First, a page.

Accessible from the Power BI Service is App Source which provides a wide array of business application templates. These templates could allow business users to quickly get insights into business performance across a wide number of applications. Equally, it is possible to create an in-house app (or template) which can be surfaced as content for your organisation alone. Creating an organisation app/template might be useful for global companies with the same applications across a number of regions. There is no equivalent via Qlik Sense however any .qvf file could be re-directed to a fresh data source and loaded provided the source data was consistent. Some Qlik Partners provide pre-build documents which can be linked to typical business data sources.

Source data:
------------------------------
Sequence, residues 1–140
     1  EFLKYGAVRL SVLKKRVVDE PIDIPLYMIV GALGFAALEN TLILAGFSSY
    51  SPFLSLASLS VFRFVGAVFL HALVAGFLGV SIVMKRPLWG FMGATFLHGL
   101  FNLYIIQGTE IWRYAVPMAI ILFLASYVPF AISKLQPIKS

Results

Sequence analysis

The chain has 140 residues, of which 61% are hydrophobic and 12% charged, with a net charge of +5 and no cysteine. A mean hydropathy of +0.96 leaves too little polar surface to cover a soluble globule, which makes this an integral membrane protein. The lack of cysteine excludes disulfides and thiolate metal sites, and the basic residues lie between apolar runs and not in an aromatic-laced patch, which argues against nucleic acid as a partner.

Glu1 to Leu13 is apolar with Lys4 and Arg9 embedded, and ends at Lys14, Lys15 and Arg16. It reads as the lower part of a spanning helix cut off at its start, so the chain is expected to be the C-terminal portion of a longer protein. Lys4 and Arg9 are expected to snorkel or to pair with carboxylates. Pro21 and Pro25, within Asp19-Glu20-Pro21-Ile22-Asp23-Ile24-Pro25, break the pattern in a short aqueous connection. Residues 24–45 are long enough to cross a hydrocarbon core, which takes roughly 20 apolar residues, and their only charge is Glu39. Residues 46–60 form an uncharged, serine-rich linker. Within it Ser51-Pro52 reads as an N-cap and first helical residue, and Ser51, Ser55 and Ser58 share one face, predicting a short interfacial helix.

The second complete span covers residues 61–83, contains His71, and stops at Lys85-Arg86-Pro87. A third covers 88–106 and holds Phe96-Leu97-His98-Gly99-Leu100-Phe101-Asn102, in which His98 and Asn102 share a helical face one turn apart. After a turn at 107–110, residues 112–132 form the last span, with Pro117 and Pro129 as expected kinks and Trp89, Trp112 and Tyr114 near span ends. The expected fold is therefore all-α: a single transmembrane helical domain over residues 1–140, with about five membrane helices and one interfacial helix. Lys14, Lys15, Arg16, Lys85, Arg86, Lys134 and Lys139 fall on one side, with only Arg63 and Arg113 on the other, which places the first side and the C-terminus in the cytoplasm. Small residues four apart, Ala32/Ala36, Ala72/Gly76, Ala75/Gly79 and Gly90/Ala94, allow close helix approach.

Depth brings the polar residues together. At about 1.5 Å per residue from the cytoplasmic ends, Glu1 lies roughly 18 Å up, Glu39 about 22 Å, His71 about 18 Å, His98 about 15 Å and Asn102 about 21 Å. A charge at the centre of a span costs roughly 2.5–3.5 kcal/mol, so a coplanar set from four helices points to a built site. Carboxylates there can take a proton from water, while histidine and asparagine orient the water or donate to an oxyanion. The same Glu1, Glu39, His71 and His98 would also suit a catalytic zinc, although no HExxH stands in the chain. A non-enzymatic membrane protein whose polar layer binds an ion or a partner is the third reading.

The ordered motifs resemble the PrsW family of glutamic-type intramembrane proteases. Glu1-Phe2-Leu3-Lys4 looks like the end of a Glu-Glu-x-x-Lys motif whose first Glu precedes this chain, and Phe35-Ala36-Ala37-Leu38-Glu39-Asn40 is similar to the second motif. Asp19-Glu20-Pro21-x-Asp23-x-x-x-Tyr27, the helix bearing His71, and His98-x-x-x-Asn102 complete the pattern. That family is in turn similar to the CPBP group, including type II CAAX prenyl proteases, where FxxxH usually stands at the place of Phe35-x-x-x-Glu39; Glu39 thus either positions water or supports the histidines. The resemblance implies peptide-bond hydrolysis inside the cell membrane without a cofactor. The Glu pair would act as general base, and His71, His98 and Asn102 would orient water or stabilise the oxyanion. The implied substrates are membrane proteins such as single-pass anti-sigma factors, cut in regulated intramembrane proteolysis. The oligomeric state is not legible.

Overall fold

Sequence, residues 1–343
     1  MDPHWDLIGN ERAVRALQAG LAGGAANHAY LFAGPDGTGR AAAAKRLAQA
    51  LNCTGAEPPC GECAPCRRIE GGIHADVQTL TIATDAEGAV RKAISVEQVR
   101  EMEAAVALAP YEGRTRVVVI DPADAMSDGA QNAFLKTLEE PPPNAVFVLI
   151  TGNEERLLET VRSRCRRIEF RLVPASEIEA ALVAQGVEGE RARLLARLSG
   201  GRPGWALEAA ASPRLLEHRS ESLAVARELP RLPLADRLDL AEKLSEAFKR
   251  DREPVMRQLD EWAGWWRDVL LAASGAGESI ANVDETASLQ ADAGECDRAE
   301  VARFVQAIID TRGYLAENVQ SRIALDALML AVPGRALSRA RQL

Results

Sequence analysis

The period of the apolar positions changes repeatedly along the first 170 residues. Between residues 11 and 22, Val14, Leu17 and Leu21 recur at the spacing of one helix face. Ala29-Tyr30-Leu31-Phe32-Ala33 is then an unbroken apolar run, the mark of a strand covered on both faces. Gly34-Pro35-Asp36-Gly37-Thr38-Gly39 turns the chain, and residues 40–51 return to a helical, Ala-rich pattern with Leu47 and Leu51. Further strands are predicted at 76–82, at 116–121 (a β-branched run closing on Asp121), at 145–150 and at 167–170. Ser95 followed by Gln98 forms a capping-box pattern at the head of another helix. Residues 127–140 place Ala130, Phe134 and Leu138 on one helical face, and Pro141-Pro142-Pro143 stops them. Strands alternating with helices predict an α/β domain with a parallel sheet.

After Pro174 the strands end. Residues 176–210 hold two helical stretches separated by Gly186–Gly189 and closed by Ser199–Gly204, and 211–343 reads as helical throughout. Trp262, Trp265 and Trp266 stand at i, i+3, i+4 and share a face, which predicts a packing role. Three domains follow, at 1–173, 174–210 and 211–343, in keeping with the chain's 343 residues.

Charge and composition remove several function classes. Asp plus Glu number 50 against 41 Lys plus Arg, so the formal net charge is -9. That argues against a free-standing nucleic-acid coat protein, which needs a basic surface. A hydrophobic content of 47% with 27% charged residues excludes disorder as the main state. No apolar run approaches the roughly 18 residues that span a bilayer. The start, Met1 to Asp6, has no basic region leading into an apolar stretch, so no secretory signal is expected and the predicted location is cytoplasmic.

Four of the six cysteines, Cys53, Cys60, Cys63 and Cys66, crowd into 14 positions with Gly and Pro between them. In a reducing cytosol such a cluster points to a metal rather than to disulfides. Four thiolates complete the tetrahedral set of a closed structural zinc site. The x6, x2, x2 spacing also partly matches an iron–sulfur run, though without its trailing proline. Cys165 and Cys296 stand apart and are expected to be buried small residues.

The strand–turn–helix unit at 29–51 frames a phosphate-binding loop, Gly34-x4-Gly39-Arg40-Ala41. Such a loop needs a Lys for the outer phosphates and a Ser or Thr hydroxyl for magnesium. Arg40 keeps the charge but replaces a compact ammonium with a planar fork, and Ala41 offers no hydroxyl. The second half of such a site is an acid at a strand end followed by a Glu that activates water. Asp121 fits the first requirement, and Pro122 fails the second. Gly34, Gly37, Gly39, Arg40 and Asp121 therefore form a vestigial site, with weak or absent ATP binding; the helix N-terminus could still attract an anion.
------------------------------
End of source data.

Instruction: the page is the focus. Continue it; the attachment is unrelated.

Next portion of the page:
The areas where differences between Power BI and Qlik Sense might give a clear path to a decision are outlined in the following section – Key Factors.
Where a business is going to be making heavy use of BI via mobile then the Qlik Sense responsive design will come into its own. There will be no need to design two separate documents to accommodate smaller screen sizes and the interaction via a touch screen rather than keyboard/mouse will be facilitated so that the documents provide exactly the same functionality. Power BI can provide mobile support, and this will likely improve but currently, it does not match the provision from Qlik Sense. In addition to the automatic screen layout Power BI will have to catch up with authoring capability on mobile as well as the full delivery of offline apps which Qlik Sense provides.